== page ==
How to Set the Timer on Your iPhone Camera

The iPhone has a built-in timer feature that can snap a picture a few seconds after the shutter button is pressed. This can be very helpful when you want to be in the photo and need the full quality and all of the options available when using the rear cameras. Although the front-facing camera can capture good quality photos, it doesn’t have as many light sources. This often leads to photos that are a little flatter or softer.

The built-in timer is somewhat limited but there are other ways to tell the iPhone to delay before taking a photo or recording a video. Remotely triggering a photo/video is possible in many ways. Some don’t require additional hardware. Read on for a thorough exploration of the best ways to activate the shutter without tapping the on-screen button or pressing the volume rocker.

Table of Contents

How to Use the iPhone’s Built-In Photo Timer

The iPhone has a built-in photo timer that is simple yet effective enough to serve your needs in most cases. To use it, simply open the camera app and swipe up from the center of the screen (away from the shutter button if in landscape mode) to open camera controls. Alternatively, you can tap the upward arrow that looks like a circumflex (^ symbol) at the top of the iPhone to see the same controls.

The iPhone camera controls are placed between the camera view and the shutter button.

The timer control isn’t immediately visible, so you need to drag the control strip to find it. To see all the photo options for the iPhone, tap the button that appears like a clock face. The choice is limited to 3s and 10s, representing 3-second and 10-second delays. When the self-timer is set, it will appear in the upper-right corner of the screen where the statuses of various camera settings are shown.

The iPhone’s timer only has two delay options and off.

After choosing your preferred photo delay, you can close the timer control by tapping the clock button again, swiping from the center of the screen toward the shutter button, or tapping the downward arrow (v symbol). Then any other camera settings can be adjusted as you wish.

It’s important that you turn off the timer if your camera is not in use. This behavior cannot be changed in Settings. Even closing the app and reopening, or sleeping the iPhone doesn’t change the camera timer mode. The timer will reset to off if the iPhone is turned off or switched on.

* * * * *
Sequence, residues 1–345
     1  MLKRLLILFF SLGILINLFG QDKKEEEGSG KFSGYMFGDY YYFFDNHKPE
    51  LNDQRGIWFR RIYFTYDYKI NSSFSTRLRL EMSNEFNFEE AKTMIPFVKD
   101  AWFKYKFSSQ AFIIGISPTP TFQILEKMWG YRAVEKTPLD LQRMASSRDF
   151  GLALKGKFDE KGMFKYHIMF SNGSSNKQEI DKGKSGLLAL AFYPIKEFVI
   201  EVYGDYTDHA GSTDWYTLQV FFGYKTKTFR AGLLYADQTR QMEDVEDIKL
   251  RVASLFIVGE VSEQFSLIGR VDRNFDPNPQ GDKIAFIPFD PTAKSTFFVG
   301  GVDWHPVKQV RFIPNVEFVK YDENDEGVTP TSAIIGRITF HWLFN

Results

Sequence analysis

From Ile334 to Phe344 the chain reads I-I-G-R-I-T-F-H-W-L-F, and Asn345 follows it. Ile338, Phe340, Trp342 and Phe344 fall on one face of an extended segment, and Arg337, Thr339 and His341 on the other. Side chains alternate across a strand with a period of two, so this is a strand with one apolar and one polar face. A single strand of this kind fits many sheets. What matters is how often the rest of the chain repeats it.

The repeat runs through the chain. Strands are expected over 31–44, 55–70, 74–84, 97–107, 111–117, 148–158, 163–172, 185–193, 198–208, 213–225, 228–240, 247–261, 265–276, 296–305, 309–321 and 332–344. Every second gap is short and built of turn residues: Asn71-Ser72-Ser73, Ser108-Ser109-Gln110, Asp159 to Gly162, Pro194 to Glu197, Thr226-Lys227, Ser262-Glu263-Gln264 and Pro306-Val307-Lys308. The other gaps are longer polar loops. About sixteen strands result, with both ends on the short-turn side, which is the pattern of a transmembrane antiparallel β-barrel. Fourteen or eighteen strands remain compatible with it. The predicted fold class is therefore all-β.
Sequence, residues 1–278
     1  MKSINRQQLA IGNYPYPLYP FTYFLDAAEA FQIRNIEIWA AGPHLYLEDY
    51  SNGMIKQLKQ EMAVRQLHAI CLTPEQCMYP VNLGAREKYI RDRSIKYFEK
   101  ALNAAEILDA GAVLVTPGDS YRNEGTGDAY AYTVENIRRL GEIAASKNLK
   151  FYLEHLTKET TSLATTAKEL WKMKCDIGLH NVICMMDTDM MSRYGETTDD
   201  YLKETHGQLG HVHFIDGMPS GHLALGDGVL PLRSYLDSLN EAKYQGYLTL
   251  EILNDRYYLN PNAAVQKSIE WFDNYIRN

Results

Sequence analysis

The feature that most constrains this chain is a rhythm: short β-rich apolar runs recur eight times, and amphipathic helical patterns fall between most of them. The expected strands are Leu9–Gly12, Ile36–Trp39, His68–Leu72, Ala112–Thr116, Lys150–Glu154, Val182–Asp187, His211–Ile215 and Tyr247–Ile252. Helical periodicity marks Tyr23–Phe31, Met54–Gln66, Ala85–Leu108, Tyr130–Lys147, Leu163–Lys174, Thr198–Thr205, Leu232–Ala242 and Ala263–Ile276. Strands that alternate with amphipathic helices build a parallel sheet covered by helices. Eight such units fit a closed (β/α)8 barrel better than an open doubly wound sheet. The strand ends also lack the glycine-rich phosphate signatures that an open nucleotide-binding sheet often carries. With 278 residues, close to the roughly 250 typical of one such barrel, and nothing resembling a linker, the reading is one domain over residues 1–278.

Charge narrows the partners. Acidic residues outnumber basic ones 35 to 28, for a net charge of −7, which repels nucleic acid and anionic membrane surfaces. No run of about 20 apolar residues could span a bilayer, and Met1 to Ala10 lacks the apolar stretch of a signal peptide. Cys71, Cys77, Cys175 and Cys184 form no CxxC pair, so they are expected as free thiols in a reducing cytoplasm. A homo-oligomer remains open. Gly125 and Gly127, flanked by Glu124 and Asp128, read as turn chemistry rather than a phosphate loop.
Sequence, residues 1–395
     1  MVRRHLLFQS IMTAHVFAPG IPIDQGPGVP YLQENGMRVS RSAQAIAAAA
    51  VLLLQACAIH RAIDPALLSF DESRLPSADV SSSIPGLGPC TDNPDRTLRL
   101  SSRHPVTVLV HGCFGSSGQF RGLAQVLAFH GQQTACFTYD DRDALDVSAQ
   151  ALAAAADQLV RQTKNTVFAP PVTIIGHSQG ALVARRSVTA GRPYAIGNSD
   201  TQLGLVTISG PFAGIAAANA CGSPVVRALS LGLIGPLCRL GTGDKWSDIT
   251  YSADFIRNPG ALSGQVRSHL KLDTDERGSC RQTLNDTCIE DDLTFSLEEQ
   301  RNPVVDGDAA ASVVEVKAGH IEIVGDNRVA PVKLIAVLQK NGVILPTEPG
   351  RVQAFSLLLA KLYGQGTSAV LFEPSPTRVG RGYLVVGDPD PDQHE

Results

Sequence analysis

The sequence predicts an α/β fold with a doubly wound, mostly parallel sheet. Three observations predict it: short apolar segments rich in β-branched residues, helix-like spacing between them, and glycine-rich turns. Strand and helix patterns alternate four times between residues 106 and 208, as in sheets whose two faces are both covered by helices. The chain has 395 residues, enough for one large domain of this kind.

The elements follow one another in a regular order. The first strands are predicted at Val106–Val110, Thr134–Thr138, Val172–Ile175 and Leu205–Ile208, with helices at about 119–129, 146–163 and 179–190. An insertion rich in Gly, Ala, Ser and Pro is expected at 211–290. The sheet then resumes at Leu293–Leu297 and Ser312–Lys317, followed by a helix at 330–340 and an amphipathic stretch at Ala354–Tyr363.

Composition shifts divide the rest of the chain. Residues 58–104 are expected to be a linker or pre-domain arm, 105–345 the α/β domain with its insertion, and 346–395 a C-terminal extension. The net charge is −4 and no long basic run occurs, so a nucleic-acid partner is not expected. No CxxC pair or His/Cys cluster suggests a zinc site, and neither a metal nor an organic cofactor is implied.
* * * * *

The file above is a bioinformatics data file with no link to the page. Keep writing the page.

Does the iPhone Camera Timer Work for Video and Portrait Mode?

Apple already had the code written and user-interface elements designed so it would have taken very little effort to give iPhone owners the option for a video timer. The iPhone’s camera doesn’t allow you to begin a video with a delay of a few seconds. It’s hard to find fault with Apple since it’s easy to trim a few seconds off of the beginning of a video after it has been recorded. The iPhone’s self-timer is only available in Photo and Portrait mode.

The iPhone’s video camera controls include only flash, exposure, and ProRes.

Use Shortcuts to Make a Timer for iPhone Video

Shortcuts is a great feature that allows you to expand what’s possible on an iPhone without the need to install an app. You can create your own iPhone timer for recording video. To set it up, open the Shortcuts app that comes preinstalled on your iPhone, then add the actions listed below or install the free Video Timer Shortcut that’s been made for you.

Here’s the Video Timer Shortcut code.

The Shortcut can be added to your Home Screen for quick access or run from the Shortcuts app. The Shortcut will prompt you to select how long it would like to wait before the video starts. The main rear camera is used, along with whatever current settings. The flash will then blink one time after the delay. After that, recording starts. It must be switched off manually, which brings up the option to save or retake the video.

The Video Timer Shortcut asks for a delay period in seconds.

Unfortunately, there’s no way to change which rear lens to use. There is an option in the code to use the front camera and it’s easy to tweak a Shortcut to make it suit your needs better. In fact, with enough effort, a more advanced photo and video timer Shortcut could be made to schedule the shutter in advance.